Calling this thing a "hotel on wheels" is being generous. At the current state of public buses, though, having a semi-private booth with a cramped bed does sound mighty luxurious. And that's exactly what Rotel Tours' "rolling hotel" buses bring to commuters.
A 3 x 3 x 6 feet room with a curtain for a door might not sound much. During longer trips, however, having that bed (which fills the entire floor area, by the way) to lie down on does sound like a sumptuous indulgence regular Greyhound passengers would die for. Sure, you can barely move while inside and you will likely knock your head silly on that low ceiling every time you get up. But it's a bed with some amount of privacy - something I've never seen any buses equipped with in the past.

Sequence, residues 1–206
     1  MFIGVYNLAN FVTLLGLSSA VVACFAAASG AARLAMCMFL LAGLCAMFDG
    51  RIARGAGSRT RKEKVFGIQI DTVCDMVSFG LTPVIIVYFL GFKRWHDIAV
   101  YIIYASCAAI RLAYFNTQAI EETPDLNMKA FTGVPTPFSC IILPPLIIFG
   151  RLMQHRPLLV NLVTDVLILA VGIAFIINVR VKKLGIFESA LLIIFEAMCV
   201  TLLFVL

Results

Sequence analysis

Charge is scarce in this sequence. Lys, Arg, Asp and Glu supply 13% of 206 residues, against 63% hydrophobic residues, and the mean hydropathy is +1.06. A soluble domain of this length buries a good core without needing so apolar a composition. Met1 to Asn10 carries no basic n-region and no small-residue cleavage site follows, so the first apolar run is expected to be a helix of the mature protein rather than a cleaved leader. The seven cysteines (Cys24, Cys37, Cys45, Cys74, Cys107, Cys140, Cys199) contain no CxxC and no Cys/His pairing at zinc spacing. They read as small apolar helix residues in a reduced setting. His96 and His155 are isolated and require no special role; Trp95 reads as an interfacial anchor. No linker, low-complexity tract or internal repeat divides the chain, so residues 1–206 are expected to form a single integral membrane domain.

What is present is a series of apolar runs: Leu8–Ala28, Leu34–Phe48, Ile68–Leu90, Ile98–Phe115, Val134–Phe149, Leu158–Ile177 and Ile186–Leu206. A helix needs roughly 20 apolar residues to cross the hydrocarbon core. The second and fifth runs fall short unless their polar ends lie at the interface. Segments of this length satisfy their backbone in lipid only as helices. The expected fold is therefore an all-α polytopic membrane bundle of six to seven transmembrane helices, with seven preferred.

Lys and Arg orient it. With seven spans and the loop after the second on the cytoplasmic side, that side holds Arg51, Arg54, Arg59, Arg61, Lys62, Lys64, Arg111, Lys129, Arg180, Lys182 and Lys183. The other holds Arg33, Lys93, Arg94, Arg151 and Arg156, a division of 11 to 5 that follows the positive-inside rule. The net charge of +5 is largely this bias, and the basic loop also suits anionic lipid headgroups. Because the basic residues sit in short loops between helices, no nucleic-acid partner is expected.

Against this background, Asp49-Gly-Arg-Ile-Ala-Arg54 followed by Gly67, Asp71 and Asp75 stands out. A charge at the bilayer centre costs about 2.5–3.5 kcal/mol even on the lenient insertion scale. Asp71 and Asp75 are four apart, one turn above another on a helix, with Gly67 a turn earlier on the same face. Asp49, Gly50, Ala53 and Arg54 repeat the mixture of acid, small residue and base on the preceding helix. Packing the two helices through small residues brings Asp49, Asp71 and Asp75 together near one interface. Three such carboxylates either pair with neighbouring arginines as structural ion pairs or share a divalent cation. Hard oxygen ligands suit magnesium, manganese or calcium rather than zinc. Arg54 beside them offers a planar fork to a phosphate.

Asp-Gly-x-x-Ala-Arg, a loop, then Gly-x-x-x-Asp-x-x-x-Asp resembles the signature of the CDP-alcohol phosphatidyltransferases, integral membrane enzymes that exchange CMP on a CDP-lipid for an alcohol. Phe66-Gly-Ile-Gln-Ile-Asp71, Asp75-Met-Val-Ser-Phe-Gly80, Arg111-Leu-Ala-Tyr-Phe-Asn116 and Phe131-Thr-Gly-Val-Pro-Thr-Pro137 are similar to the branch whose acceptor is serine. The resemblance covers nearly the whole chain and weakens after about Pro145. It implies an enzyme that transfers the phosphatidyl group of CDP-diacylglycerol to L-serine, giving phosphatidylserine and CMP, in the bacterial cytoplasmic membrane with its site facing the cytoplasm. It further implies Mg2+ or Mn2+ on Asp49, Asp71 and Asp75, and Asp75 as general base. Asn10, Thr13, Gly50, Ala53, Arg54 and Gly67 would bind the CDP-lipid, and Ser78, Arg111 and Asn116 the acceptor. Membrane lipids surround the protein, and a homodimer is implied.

The front of the bus comes with regular bus seats, flanked along large windows. Walk towards the rear, however, and you'll find three rows of tiny rooms, each equipped with a bed, some hanging hooks (for your bags and clothes) and a small window to peek out of. All buses only get one communal toilet and no bath, although they do arrange for stopovers to places where travelers can freshen up. Considering it's a European bus, I don't think all that bathing nonsense really matters, does it (I kid, I kid)?
Surprisingly, Rotel Tours isn't anything new. According to the company, they've been operating their "Betten auf Rädern" (bed on wheels) since 1959 and, in fact, currently boast a fleet that's 3,400 strong. Since that time, they've been offering bed-bus tours of Asia, Europe and Africa, presumably to non-claustrophobic German tourists who want to see the world lying down.